Android users in India will soon have more control over their devices, thanks to a court ruling. Beginning next month, Indian Android wielders can choose a different billing system when paying for apps and in-app smartphone purchases rather than default to going through the Play Store. Google will also allow Indian users to select a different search engine as their default right as they set up a new device, which might have implications for upcoming EU regulations.
The move comes after a ruling last week by India’s Supreme Court. The trial started late last year when the Competition Commission of India (CCI) fined Google $161 million for imposing restrictions on its manufacturing partners. Google attempted to challenge the order by maintaining this kind of practice would stall the Android ecosystem and that “no other jurisdiction has ever asked for such far-reaching changes.”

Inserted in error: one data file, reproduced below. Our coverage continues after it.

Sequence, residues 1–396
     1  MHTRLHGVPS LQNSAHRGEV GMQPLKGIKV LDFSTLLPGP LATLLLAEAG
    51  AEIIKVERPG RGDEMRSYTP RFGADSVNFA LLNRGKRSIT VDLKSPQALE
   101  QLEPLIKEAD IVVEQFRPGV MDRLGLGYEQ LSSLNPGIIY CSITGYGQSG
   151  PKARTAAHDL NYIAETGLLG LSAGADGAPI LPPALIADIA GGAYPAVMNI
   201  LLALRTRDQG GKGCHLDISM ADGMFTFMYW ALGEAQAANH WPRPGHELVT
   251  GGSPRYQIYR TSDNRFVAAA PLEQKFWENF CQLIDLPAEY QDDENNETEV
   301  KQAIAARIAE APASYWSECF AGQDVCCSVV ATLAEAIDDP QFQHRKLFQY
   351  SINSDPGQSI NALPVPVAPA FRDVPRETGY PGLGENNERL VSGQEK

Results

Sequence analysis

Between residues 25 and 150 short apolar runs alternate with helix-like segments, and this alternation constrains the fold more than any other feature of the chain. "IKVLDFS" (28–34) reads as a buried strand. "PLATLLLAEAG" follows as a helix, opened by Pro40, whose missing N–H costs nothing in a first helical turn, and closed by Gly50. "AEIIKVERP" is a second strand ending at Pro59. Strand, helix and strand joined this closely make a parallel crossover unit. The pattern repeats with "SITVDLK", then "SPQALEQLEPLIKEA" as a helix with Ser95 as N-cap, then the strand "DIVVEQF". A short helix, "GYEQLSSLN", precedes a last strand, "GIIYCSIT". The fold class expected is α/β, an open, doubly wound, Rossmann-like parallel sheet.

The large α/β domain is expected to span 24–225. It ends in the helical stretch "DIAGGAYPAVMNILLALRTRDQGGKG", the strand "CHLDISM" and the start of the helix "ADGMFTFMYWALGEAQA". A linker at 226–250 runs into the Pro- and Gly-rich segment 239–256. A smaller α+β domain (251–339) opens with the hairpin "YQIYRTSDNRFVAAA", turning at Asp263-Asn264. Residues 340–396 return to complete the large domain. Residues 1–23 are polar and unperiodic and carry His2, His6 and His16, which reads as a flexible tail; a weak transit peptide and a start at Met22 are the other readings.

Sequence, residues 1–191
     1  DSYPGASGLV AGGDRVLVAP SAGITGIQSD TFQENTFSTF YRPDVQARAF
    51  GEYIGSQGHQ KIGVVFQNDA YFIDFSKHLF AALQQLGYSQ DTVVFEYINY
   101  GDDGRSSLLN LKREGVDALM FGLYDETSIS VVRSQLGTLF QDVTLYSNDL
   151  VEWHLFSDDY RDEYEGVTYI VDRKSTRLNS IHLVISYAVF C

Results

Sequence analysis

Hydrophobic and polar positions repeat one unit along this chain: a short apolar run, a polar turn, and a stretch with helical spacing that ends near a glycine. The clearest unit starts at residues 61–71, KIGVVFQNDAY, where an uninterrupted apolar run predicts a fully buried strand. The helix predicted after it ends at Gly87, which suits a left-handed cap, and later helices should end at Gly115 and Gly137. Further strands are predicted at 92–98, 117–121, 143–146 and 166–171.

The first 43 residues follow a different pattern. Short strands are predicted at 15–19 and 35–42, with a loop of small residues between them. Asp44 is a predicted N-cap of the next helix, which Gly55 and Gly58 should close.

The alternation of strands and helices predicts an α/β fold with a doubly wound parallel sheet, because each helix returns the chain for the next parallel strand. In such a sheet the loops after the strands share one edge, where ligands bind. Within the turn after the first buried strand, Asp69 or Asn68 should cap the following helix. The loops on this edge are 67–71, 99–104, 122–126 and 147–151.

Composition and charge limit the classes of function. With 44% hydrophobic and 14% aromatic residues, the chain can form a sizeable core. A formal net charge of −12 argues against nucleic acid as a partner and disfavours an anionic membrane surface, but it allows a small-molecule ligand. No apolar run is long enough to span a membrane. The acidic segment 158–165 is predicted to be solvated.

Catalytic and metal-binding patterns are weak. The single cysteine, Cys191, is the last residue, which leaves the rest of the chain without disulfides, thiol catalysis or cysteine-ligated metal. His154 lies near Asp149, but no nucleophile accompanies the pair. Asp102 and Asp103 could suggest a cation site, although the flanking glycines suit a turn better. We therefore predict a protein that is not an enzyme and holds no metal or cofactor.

Google also won’t be able to require the installation of its branded apps to grant the license for running Android OS anymore. From now on, device manufacturers in India will be able to license “individual Google apps” as they like for pre-installation rather than needing to bundle the whole kit and caboodle. Google is also updating the Android compatibility requirements for its OEM partners to “build non-compatible or forked variants.”
Of particular note is seeing how users will react to being able to choose whether to buy apps and other in-app purchases through the Play Store, where Google takes a 30% cut from each transaction, or through an alternative billing service like JIO Money or Paytm—or even Amazon Pay, available in India.
The Department of Justice in the United States is also suing Google’s parent company, Alphabet, for a second time this week for practices within its digital advertising business, alleging that the company “corrupted legitimate competition in the ad tech industry” to build out its monopoly.
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